Kerry Massheder

My Day of Archaeology 2013 post is written as I am employed as the Council for British Archaeology Community Archaeology Training Placement (CATP) at National Museums Liverpool. I am based at the Museum of Liverpool Field Archaeology Unit and my day-to-day activities vary greatly. Since my post began in April 2013 I have helped to organise and supervise community archaeology excavations, building recording exercises, finds processing and grave recording. I am in the process of organising and conducting an oral history project to capture memories of Liverpool’s court style housing and I have organised a workshop for community members on the theme of oral history. I have become a Branch Assistant of the Mersey and Dee Young Archaeologists’ Club, a Council Member of the Merseyside Archaeological Society and (membership vote pending) an ‘Ordinary Council Member’ of the Society for Post-Medieval Archaeology. I am enjoying my placement a great deal and am hopeful it will lead to future employment in a similar field.
I am undertaking a PhD in Archaeology at the University of Liverpool. I am investigating the combined investigative approach of field archaeology and oral history to enhance our understanding of the housing experience of workers during the Industrial Revolution era-early 20th century. I am approaching my third year (part time) and I am really enjoying my research and I am appreciative of the people it brings me into contact with.
Now, onto my ‘Day of Archaeology’ ………………This year The Day of Archaeology falls in the second week of the Festival of Archaeology. Yesterday, as part of the Museum of Liverpool’s Festival of Archaeology events, I spent the day in the Museum of Liverpool helping to run an event called ‘Help an Archaeologist’ where I supported our young visitors in making Iron Age roundhouses, handling Roman pottery and sorting and recording finds. Today I am helping the Project Officer of Rainford’s Roots, a community archaeology project run by the Merseyside Archaeological Society and funded by the Heritage Lottery Fund, lead a heritage walking tour in Rainford. The tour aims to provide community members with an update on the Rainford’s Roots project and discuss with them how Rainford has changed and developed over time. Today’s tour is an extended version of the walk that occurred yesterday.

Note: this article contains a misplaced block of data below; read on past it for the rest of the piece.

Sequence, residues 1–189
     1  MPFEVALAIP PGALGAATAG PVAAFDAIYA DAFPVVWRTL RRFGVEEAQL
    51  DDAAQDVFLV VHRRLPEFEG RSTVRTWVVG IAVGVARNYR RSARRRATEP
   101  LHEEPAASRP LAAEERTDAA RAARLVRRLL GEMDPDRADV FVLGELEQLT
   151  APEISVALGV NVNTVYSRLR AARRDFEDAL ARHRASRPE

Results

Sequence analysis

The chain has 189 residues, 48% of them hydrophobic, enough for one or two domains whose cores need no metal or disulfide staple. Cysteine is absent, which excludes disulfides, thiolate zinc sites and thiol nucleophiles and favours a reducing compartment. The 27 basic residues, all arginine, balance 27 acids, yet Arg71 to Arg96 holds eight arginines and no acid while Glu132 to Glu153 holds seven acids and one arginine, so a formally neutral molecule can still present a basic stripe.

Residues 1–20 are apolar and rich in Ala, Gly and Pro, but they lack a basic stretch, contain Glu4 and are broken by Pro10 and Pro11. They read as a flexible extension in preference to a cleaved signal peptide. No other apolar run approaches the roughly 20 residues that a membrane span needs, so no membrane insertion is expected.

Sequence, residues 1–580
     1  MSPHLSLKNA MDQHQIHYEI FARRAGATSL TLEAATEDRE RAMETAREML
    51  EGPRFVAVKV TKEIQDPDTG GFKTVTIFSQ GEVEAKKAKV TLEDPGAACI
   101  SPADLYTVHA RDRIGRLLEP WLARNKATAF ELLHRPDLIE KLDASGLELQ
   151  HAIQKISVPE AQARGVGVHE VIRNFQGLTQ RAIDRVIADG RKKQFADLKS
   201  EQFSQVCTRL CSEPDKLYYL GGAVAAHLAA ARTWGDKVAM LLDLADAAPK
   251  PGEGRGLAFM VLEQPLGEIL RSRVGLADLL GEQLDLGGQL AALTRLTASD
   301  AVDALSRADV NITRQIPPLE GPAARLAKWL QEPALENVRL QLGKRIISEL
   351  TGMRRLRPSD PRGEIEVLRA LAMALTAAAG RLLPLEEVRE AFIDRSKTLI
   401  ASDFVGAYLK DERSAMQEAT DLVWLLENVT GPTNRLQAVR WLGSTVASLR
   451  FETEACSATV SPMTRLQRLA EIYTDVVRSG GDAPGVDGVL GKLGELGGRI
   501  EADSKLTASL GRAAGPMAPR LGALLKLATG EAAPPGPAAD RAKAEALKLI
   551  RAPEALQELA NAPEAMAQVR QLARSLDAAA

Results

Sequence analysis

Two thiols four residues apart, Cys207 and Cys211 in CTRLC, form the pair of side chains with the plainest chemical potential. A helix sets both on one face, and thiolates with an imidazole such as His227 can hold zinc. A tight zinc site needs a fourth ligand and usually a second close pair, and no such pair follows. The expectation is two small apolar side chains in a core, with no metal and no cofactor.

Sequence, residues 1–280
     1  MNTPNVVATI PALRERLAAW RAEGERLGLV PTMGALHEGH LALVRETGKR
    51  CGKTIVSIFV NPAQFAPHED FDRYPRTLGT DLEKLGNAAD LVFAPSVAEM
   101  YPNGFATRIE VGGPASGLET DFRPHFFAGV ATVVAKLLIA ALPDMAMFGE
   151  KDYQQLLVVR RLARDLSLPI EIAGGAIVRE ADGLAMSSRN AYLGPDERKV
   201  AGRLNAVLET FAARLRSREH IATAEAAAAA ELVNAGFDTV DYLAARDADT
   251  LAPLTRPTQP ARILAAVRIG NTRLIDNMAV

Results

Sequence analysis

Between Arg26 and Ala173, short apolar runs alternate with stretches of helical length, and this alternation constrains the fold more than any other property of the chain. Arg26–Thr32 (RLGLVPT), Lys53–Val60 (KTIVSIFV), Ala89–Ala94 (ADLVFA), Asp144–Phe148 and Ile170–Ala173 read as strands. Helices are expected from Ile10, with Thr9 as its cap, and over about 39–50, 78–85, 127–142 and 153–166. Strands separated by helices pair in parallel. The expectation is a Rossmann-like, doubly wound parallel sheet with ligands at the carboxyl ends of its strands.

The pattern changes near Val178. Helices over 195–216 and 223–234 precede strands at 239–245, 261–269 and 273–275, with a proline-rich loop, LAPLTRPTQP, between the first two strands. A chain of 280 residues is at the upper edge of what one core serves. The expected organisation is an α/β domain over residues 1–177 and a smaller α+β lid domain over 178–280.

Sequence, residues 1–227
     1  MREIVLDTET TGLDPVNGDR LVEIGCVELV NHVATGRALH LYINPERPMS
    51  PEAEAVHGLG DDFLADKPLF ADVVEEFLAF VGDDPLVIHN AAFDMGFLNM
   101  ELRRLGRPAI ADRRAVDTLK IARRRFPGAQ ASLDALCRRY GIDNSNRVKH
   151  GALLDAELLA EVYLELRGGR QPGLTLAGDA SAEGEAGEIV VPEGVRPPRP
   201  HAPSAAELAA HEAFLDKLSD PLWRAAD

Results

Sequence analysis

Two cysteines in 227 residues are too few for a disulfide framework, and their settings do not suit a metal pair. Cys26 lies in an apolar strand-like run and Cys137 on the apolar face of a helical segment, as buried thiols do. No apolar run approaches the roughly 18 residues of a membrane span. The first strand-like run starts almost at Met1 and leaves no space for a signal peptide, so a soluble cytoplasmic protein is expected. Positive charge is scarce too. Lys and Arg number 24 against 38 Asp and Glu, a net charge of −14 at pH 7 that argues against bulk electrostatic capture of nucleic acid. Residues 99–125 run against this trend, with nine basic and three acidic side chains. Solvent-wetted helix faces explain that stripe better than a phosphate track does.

The walk was a great opportunity to catch up with some of the community members who have worked on various stages of the project, discuss the upcoming excavation based at Rainford Library running from the 15th August-22nd August and meet community members who could potentially be involved. The walk was extremely successful-the weather was dry and bright, people chatted amongst themselves and exchanged stories about the heritage of Rainford and they asked for further information on the project and how they could become involved.
Following the walk I continued working from home. I wrote this post! I also worked on the planning stages of a project I may become involved in. This project will explore the history of a Merseyside School through archaeological test pitting, building recording and archival research. Following an initial meeting with the school I am now in the process of creating a list of products and services we can offer in preparation for writing a funding bid. I can’t say much about the project at this stage (keep a look out on my Twitter feed for updates) but I can stay I am massively excited about it!
During the evening I turned to my PhD research. I usually go over my weekend ‘to do’ list on a Friday evening so that I am well prepared to ‘get cracking’ the next day. My plans for the weekend include writing notes for and starting to write a paper for the presentation I will give at the UCLAN ‘Public History in Perspective’ conference in September. Tonight I organised feedback I have received for papers with will be included in an upcoming edition of AP Journal. The edition will focus on paper from the two community archaeology sessions at the Theoretical Archaeology Conference in December 2012. This is being organised by myself, Dominic Walker (University of Cambridge) and Cara Jones (Archaeology Scotland) with support from authors, anonymous peer reviewers and some fantastic commentators. It has been an absolute pleasure to work alongside these wonderful people.
I hope my post has illustrated how varied archaeology, and in particular community archaeology, can be. No day is ever the same! Please feel free to follow my placement activities at and @livuniMassheder.